I’ve been thinking I’ve been angry at the Internet a lot in the past few days. I mean, there’s the standard “inadvertently glancing at comments on a mainstream media news post” and “dealing with hateful troll comments” types of angry. On their own, I can brush them off pretty easily, but piled on top of others, they’re still part of the baseline. Then there are the hit-or-miss blogs I read occasionally; in the past few days, they’ve been more miss than hit.
But I’ve been most angered by comments in places I’d previously regarded as safe spaces for particular types of conversations and issues.
As it happens, I am wrong — both about those being safe spaces and about me being angry.
Really, I realized during an hour of stepping the fuck away and reminding myself of what yoga feels like, I am hurt.
Previously, I’d considered these spaces to be ones where I could let my guard down regarding things like fat, disability, and body image. For a considerable length of time, especially in Internet terms, that worked well for me. Now, though, it seems that some of those spaces have become more focused on being more educational, discussion-oriented spaces for a wider variety of readers and commenters.
Don’t get me wrong. I’m not saying that these are now bad spaces or that we don’t need spaces that focus on 101-type social justice education. However, I think it’s not always possible to be a space that’s both open to folks who’d like that 101-type explanation to their questions or reservations and that’s supportive of folks who are literally frustrated to screams and tears by the repetitive and potentially insensitive nature of those questions. Can’t always have it both ways.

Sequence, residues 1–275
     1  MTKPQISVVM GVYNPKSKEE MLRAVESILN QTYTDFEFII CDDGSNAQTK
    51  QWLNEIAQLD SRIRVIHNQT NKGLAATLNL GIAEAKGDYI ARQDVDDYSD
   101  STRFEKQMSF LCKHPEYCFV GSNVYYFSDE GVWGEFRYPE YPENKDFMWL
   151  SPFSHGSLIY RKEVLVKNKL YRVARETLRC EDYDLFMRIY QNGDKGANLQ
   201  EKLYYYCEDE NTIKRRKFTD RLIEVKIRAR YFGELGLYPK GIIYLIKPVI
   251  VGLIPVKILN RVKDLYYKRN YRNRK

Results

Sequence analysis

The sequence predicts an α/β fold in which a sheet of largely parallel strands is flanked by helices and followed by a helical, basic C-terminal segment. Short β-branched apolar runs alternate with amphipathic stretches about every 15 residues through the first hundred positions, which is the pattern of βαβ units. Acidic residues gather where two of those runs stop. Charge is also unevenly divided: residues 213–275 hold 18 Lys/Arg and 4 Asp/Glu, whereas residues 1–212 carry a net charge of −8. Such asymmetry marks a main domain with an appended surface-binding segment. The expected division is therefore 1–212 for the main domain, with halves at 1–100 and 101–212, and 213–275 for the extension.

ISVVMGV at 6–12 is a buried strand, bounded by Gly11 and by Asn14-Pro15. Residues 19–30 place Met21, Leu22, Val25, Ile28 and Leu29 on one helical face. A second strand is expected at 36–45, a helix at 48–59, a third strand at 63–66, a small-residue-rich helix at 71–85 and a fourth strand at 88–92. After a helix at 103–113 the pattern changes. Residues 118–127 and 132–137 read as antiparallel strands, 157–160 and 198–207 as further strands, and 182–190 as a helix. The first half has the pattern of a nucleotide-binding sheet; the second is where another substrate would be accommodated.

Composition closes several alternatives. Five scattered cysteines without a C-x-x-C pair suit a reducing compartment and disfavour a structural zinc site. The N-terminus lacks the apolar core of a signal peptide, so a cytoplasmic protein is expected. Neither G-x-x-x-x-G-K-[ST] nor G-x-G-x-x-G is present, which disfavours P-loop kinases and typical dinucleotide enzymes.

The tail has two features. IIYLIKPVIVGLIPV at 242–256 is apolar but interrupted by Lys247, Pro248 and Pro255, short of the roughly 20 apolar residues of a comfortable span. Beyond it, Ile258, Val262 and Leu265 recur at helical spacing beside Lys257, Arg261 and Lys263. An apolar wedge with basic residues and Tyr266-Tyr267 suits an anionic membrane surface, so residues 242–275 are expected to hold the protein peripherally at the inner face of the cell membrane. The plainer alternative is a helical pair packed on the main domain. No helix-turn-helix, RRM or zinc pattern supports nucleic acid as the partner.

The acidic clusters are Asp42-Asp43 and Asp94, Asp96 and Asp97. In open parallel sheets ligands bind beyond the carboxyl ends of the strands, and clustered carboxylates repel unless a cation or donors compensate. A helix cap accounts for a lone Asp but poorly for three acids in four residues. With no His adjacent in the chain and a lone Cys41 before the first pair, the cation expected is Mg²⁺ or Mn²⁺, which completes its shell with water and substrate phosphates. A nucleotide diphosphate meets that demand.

Which is why I can no longer visit those spaces in the same way — because they are no longer safe spaces for me. In short, when people ask clueless questions or make misinformed comments — even when they do so innocently, respectfully — it hurts unless I put up conscious emotional defenses against it (sometimes even then). Those defenses are stressful, anxiety-inducing. I need places to go where I can be without them sometimes.
Maybe sometimes, I will still visit when I have sufficient psychological reserves. But they can’t be the places I go after a long day at work and in the world, where I’ve been busy being strong for everyone else. They can’t be the notifications the pop up in inboxes and dashboards the ones I might open for sake of the title when I’m really not prepared for what’s inside.
They now join the long list of places I can read when I’m ready to give back even more. The list of spaces I can go to find peace and to restore? That one continues to shorten.